I never intended to share my skin cancer journey with anyone outside of my Facebook friend group. Like everyone else, most of my posts depicted a happy moment in time – an event forever captured to share with family and friends to stay “connected.” My skin cancer was so invasive, time-consuming and emotional, I posted it as a warning for the people I love most. I never wanted anyone to experience what I endured, and continue to live with, from over-exposure to UV rays through tanning bed use and sunburns. My doctors have told me my skin cancer was largely preventable. While I have risk factors (blonde hair, blue eyes, freckles, light skin) that I can’t change, over-exposure to the sun and the use of a tanning bed are things that I could change.
Even today, pictures of my stitches, scabs, and scars are very difficult for me to look at and I cannot believe the response they have had across the globe. Almost daily I have a message on Facebook from someone who has been touched by my story. Most people want to know if I am doing “ok” and how my life has changed since my skin cancer diagnosis. The truth is that although I am feeling fine, my life has changed fairly significantly. Every morning I look in the mirror and self-check my skin for new spots or visible changes. Given my history and knowing early detection is key for effective treatment, this routine puts me more at ease and reminds me that I am responsible for my own health. It’s not paranoia that causes me to do frequent skin checks; it’s now a part of my daily routine out of necessity.
Prior to skin cancer, I was a sun-worshiper in my younger years. What I loved most about the sun was how relaxing the warmth felt against my skin. And when I was young, kids (including me) played outside for hours each day, without sunscreen. Now I am much more cognizant of the sun. I am not going to hide from it, but I am much smarter about my time in the sun. Being outdoors reading a book on my porch or working in my flowerbeds is still very relaxing to me, but I have changed my lifestyle habits to include the following:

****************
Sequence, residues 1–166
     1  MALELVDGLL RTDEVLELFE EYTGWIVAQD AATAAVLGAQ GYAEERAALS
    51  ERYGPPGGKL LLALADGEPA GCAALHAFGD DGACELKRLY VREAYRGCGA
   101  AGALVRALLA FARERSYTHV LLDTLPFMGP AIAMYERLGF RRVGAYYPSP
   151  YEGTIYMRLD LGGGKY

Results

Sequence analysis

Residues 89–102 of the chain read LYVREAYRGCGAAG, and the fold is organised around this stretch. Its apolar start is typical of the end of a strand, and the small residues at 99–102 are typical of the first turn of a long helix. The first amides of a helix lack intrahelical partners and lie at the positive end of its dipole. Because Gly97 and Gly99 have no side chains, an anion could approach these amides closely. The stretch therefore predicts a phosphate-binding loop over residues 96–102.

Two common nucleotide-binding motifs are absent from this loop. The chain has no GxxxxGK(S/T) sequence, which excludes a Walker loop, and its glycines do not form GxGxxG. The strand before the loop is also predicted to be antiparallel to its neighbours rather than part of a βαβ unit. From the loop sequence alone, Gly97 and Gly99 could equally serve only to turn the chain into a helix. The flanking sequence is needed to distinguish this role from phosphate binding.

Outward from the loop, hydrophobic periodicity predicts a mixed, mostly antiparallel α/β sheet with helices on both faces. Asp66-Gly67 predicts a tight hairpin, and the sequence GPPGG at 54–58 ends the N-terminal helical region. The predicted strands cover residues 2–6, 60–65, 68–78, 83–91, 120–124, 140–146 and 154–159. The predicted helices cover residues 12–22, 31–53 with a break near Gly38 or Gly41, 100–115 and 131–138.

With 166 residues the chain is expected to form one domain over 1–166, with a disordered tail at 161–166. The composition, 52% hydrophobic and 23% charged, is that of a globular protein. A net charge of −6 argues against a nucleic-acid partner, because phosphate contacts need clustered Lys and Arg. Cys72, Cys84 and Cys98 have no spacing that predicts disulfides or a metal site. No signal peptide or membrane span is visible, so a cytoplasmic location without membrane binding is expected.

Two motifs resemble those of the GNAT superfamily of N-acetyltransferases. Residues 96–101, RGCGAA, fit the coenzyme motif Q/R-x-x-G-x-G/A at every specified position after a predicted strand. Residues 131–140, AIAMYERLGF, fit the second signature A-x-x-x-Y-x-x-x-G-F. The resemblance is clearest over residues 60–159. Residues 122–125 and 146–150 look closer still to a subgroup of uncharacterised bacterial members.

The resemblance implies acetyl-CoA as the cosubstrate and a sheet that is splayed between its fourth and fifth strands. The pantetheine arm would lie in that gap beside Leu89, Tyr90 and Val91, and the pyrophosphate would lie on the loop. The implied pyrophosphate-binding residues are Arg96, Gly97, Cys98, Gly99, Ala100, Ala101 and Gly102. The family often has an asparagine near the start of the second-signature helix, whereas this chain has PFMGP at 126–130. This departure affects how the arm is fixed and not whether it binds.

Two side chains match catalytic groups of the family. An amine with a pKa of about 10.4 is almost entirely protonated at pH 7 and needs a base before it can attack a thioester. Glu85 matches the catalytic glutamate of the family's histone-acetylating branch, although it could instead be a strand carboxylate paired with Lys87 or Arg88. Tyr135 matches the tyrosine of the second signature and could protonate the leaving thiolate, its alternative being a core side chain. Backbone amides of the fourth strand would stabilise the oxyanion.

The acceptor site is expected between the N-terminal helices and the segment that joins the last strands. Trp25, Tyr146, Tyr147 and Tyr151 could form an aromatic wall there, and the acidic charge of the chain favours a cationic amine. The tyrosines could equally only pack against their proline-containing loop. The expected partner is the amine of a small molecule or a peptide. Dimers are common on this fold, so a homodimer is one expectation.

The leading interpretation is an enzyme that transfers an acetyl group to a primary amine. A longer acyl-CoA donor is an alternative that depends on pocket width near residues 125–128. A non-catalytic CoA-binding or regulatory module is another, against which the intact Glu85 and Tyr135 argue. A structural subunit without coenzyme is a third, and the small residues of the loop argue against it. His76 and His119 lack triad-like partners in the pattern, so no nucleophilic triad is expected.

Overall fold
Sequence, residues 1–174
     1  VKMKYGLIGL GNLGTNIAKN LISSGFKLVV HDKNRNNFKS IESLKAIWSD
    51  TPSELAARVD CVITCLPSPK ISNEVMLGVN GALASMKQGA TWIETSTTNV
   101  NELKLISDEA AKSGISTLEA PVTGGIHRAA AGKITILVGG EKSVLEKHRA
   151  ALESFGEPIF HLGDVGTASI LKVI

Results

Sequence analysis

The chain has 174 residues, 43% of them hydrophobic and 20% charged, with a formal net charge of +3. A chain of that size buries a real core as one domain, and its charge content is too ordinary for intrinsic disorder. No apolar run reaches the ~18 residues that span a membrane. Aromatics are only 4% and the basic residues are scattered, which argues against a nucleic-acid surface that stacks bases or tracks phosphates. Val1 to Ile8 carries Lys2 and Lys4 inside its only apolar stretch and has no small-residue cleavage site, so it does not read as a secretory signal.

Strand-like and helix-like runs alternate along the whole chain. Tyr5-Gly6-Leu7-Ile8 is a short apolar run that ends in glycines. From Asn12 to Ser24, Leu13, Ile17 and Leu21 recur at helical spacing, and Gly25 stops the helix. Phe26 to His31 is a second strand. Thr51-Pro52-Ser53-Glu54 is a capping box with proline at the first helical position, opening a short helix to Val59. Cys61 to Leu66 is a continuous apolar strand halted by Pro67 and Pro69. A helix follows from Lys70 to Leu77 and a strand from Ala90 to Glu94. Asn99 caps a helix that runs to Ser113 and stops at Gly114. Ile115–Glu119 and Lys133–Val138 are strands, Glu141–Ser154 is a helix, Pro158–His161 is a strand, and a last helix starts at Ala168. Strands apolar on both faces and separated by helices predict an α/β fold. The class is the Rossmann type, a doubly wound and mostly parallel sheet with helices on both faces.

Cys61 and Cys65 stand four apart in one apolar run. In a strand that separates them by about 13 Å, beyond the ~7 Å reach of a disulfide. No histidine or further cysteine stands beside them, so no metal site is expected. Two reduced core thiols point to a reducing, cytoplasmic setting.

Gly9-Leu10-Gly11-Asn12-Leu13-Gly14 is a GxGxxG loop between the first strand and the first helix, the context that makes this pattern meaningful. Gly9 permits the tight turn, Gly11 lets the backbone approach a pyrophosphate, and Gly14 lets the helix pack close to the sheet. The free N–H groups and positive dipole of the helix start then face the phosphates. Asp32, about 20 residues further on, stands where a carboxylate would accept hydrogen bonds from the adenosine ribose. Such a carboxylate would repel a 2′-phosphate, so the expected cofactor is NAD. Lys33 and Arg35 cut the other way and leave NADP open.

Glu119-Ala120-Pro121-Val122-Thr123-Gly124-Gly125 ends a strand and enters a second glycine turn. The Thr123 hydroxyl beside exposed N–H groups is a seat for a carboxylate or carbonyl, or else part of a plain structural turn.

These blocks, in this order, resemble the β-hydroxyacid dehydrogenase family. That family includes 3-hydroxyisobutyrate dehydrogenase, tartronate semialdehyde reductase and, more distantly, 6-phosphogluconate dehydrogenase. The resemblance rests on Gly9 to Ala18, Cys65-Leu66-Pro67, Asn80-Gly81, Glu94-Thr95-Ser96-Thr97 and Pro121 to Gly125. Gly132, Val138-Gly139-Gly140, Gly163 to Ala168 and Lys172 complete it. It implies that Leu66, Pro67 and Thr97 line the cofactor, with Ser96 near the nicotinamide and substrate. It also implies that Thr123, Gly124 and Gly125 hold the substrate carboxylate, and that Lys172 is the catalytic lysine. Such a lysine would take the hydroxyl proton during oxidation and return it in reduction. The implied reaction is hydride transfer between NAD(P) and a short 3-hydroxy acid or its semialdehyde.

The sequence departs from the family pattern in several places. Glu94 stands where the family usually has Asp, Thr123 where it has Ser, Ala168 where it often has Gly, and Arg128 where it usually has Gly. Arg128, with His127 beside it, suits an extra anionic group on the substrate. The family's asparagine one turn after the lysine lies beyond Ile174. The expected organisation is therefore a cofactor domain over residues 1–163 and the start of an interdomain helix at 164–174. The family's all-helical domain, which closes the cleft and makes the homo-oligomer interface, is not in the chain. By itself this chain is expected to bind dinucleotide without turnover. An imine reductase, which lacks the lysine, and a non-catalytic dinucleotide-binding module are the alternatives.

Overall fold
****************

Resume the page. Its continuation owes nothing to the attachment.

- Avoid direct sun exposure from 10 am – 2pm
- Wear sunscreen daily; I have sunscreen in the make-up I apply every morning
- Skin checks every 6 months by my dermatologist
Sometimes the Facebook message I receive is from someone who is sharing their own skin cancer story with me. They tell me they are grateful to know they are not alone. In all honesty, I have found skin cancer to be a lonely cancer. We are diagnosed, the doctor treats us and we are sent on our way. I have been unable to locate a skin cancer support group, which I believe is greatly needed. When I was growing up, our generation was not warned about the damaging effects of tanning beds, and a sunscreen beyond 2-4 SPF was not available. It is hurtful to hear that I (along with other skin cancer survivors) have “brought this on myself” from strangers and even family members when truly skin cancer awareness and education was unheard of when I was growing up. My mission today is to raise awareness so people don’t have to go through what I have gone through. We now have access to better information, and as the saying goes, knowledge is power. I would also like to create a community of support for those of us who are skin cancer survivors so nobody ever feels like they are alone. I will continue to share my story and encourage everyone to do the same so we can save lives.
This May, we are getting gross. The ugly truth is that skin cancer is not fun or glamorous. We want to share the not-so-wonderful side of what happens after a skin cancer diagnosis. Coolibar’s mission is to keep the world safe from sun damage and we thank each selfless warrior for boldly sharing their story. We hope you bear with us as we share stories to provide awareness, education and spur prevention. We’re among friends–now let’s get gross.